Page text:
Sprinting with sleds can be detrimental to running technique and should be avoided. Walk with the sled and the increased power can translated to sprinting. You can pull a sled 3x per week and alternate a light, med, and heavy load. Louie Simmons uses this technique and has bettered sprint times in advanced athletes significantly.
    Ok, so I should load up the sled with heavy weights and have them PULL for 15-20 yards? Then, run bodyweight sprints 30-45 seconds after?

  6. #5
    Administrator chris mason's Avatar
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    You could do that, yes. You can also separate the two forms of training. Try it both ways and see which one yields better results.


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  7. #6
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    Quote Originally Posted by chris mason View Post
    You could do that, yes. You can also separate the two forms of training. Try it both ways and see which one yields better results.
    I'm having them getting strong on the basics(ie. deads, squats, bench & power high pulls) to lay the foundation. The sled I have them using is an old, used car tire with a 2 x 4 in it with a metal pipe drilled onto it to hold the weights. It weighs 24lbs by itself.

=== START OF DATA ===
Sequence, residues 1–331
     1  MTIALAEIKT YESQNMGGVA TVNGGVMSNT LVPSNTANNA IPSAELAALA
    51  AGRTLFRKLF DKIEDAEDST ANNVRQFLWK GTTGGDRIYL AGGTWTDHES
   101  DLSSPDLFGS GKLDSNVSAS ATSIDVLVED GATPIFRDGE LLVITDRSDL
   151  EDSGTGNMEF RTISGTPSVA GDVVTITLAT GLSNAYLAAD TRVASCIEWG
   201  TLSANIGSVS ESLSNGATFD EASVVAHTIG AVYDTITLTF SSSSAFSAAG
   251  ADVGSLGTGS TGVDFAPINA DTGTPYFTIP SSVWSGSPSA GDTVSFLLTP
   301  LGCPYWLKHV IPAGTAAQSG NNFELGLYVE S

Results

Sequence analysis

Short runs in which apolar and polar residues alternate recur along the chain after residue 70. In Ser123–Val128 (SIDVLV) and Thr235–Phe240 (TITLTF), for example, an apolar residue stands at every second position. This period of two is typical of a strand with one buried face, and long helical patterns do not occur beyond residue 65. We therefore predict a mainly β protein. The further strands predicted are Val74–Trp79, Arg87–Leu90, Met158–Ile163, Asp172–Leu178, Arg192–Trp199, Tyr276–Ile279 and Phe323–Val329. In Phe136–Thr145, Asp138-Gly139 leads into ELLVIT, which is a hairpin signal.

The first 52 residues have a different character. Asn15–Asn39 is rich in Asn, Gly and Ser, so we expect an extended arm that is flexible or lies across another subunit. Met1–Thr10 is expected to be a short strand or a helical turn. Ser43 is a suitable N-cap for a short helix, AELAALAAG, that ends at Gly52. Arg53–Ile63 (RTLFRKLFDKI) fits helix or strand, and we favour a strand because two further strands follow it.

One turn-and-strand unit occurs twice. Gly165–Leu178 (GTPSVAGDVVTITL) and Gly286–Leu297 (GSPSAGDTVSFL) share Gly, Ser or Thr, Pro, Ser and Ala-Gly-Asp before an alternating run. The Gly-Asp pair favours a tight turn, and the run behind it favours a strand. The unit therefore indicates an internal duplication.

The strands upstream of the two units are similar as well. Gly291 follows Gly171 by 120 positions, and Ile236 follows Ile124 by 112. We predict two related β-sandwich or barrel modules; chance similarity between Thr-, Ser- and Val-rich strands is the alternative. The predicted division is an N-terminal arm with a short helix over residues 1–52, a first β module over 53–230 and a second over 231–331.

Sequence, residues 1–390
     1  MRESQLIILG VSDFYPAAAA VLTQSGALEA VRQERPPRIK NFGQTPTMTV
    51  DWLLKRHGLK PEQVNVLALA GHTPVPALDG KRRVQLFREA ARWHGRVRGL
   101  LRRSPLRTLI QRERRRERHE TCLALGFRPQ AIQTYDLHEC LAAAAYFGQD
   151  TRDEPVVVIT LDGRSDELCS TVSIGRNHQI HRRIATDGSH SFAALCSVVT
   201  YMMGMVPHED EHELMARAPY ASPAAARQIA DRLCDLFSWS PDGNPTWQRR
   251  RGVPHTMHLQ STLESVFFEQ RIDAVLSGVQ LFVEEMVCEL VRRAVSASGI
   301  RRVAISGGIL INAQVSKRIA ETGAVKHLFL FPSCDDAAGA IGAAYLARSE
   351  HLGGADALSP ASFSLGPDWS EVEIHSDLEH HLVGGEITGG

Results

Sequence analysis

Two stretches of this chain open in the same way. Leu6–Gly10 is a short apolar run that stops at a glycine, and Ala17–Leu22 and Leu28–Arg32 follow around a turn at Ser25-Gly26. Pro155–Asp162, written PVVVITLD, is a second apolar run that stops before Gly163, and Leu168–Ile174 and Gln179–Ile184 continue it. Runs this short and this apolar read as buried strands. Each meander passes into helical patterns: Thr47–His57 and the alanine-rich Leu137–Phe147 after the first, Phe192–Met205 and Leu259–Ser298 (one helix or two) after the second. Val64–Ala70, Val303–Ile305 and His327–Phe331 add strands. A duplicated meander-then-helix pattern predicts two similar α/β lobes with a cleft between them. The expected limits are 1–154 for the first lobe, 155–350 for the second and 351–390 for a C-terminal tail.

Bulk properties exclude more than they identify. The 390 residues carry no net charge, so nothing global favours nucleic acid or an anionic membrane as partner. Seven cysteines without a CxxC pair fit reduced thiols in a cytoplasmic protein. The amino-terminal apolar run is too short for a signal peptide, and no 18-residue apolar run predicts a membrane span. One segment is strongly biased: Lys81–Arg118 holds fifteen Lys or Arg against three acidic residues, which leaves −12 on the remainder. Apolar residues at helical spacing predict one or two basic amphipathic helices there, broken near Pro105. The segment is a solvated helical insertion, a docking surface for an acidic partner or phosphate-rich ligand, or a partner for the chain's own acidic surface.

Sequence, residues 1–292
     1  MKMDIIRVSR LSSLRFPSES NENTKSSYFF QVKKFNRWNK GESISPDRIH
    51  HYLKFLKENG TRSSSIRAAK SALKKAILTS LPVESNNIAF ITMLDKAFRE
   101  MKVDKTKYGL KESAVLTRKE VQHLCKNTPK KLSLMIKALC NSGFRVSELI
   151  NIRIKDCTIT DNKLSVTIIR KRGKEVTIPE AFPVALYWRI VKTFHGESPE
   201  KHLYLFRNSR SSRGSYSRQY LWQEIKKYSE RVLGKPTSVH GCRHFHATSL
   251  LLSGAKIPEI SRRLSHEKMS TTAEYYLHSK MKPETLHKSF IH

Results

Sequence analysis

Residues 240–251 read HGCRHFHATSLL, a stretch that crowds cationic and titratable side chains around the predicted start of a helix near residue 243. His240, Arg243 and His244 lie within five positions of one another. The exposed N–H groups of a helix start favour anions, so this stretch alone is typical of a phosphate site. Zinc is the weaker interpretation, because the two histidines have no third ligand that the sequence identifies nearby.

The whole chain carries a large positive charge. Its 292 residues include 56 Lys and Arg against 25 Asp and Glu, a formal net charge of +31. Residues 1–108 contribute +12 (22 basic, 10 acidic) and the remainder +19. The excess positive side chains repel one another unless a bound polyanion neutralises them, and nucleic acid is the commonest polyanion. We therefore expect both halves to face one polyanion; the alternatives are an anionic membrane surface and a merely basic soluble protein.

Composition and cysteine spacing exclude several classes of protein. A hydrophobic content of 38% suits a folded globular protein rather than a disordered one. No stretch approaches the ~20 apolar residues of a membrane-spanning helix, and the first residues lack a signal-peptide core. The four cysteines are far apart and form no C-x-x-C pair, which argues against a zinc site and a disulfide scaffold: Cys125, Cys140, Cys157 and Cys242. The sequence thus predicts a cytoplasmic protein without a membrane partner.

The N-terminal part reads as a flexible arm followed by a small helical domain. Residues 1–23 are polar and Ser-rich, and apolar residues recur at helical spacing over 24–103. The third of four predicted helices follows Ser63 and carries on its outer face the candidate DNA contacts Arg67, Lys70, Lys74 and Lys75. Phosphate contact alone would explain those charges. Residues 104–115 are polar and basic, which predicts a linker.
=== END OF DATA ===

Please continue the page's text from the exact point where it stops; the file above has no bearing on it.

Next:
8. #7
    Senior Member Sensei's Avatar
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    Hill sprints. It worked for Walter Payton.

    Make sure your kid is wearing cleats. Try it with and without a pulling harness - it's a treat. Bear hugging a sandbag is another option.

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  9. #8
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    Quote Originally Posted by Sensei View Post
    Hill sprints. It worked for Walter Payton.

    Make sure your kid is wearing cleats. Try it with and without a pulling harness - it's a treat. Bear hugging a sandbag is another option.

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    I seen San Francisco 49ers running back Frank Gore do these while pulling a sled. I also read an article where Chicago Bears running Matt Forte do these while wearing a weighted vest this off season. He's averaging 5.4 yards per carry. So, I guess its works...

  10. #9
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    Quote Originally Posted by chris mason View Post